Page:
As a marketer I have learned over the years that if you are going to critique someone else’s work, you should also offer up an alternative. This is only fair after all. So in this spirit, I offer up the word… BETTER.

The altered slogan would then read:

This is FIOS, This is Better!

I am not saying it is perfect or pretty or elegant, but now we as readers of the message have something to grab on to, that we can understand. Leadership is reflected in qualitative advantage… something that differentiates FIOS from the cable product and says there may be something in it for me as well.

Imagine now the conversation I might have had with the installer if the take away message we all remember is… This is FIOS, This is Better.

In the one instant a series of questions posed by the word BIG are replaced by a declaration of superiority over the competition… the Better that is Fiber Optical TV/Phone/Internet connections over copper wire/cable. Customers would almost feel like they are acting foolishly not to get a better product and better deal, no matter what.

Our minds would be embedded with Better than… cable positioning, so taking the buy action is natural and something already clearly mapped out. This is what effective positioning is all about and one example of creating a compelling reason to buy with a positioning core.

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Marketing Misfire. Nexus One… Looks Like a Great Phone to Me! The Real Battle Was Positioning and Google Missed It.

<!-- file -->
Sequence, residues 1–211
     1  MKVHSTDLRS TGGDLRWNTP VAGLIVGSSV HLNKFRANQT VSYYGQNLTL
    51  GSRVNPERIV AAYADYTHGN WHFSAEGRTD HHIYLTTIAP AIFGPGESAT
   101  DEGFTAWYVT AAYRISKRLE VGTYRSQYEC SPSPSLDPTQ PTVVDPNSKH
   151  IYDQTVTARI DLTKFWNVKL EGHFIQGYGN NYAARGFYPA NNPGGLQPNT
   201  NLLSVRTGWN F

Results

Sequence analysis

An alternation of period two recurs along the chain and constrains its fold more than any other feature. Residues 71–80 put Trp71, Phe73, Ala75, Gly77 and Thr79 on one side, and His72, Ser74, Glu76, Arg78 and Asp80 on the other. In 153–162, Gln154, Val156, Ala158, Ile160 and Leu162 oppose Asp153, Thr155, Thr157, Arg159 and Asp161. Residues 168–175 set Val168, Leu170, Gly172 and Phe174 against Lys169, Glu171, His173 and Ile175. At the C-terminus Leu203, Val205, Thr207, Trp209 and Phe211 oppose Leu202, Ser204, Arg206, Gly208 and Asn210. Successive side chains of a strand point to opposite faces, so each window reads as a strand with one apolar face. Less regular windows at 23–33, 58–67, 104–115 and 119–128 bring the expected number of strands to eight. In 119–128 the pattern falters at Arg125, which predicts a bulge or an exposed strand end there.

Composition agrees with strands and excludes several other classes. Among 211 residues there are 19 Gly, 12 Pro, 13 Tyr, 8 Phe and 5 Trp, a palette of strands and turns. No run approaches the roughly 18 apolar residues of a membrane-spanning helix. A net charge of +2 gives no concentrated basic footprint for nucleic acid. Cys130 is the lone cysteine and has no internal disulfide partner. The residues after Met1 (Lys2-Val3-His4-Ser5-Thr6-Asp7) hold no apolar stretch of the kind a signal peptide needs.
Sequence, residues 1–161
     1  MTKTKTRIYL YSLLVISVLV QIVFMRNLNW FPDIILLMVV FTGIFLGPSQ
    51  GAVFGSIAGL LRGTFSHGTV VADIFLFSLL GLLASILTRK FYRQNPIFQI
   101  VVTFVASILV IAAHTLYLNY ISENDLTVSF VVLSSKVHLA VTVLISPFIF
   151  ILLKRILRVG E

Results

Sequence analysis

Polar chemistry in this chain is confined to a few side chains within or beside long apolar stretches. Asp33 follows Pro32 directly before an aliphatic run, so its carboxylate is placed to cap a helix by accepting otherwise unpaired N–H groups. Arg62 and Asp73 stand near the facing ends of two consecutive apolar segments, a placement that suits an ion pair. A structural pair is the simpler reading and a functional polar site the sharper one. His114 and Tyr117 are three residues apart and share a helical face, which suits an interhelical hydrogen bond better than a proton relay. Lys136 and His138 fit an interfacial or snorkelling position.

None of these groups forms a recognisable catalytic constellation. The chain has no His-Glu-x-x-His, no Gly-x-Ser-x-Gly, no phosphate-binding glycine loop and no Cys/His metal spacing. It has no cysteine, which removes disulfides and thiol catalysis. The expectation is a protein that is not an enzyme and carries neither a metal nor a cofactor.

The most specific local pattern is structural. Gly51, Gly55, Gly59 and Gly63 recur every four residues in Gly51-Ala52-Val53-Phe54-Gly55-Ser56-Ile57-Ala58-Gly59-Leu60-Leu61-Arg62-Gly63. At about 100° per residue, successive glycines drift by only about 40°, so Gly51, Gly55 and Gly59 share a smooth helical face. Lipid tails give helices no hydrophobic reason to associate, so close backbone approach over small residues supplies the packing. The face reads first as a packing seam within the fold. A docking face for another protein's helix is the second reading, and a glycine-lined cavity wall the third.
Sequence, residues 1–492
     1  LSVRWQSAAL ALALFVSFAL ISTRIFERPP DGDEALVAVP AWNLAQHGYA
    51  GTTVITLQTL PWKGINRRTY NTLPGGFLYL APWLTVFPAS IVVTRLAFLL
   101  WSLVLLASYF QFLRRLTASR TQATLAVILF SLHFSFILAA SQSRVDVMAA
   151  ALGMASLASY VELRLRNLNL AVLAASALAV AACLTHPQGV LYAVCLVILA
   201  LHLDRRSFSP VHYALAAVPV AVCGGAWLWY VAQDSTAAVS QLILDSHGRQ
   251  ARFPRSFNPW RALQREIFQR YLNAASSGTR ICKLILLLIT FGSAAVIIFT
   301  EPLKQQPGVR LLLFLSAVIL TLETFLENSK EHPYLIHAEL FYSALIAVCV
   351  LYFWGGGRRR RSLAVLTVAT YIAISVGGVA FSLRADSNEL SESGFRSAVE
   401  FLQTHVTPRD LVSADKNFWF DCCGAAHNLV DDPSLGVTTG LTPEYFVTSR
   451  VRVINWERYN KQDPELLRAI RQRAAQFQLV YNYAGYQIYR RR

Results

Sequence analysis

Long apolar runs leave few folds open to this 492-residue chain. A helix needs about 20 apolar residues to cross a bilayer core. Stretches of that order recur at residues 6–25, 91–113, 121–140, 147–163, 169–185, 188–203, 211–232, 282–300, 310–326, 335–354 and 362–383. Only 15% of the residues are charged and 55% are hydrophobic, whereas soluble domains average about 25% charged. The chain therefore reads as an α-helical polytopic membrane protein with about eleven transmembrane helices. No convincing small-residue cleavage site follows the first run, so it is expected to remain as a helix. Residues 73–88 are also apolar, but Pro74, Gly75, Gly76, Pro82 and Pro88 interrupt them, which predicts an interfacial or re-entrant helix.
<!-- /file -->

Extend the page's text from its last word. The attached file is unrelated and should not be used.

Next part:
May 13, 2010

Summary:

1. The Situation

  • What’s at Stake
  • Product Features
  • Current Positioning

2. Analysis

  • What’s Right?
  • What’s Wrong

3. Recommendations

  • Connecting the Marketing Dots
  • A 5-Step Plan: What can Google do about it.

Introduction

Recently, before the (in)famous lost iPhone debacle, Apple indirectly made another announcement of perhaps greater import relative to this already proven game changing device, the iPhone. It appears that at long last, Apple is making the big move to create a version capable of running on other carriers, in this case industry-leading Verizon.

As earlier postings on marketing to win attest, Apple needed to make this move or else risk having the product marginalized to niche status if they stayed on ATT exclusively. The risk is magnified especially since Google’s robust mobile, open source  operating system Android in tandem with other devices, notably manufactured by NHT, opens up the market above and beyond any one carrier.

And to make matters worse, it appeared that Google along with manufacturer NHT would be the tools of this destruction with the much heralded launch of it’s Google-branded Nexus One smartphone. Nexus One was designed to be platform-agnostic and besides featuring Android, it exploded the existing sales channel model traditionally controlled by the carriers, and sold direct to customers online through Google itself.

And if that wasn’t enough, customers were also offered both locked and unlocked versions of the device. If you wanted to purchase a subsidized version with a two-year contract, there was a T-Mobile version ready to rock for under $200, and a Verizon-ready model was going to roll this spring as well. Radical indeed.

Before we dive into what was wrong marketing-wise, remember there is much at stake for Google and perhaps NHT as well.

The smartphone is in fact a mobile computing platform and apps that run on these devices are, if I read the tea leaves correctly, potentially disruptive to Google’s online search-based ad model, especially as these platforms take off. I mean who needs search if in fact the app chosen already defines a clear area of interest as defined by the user?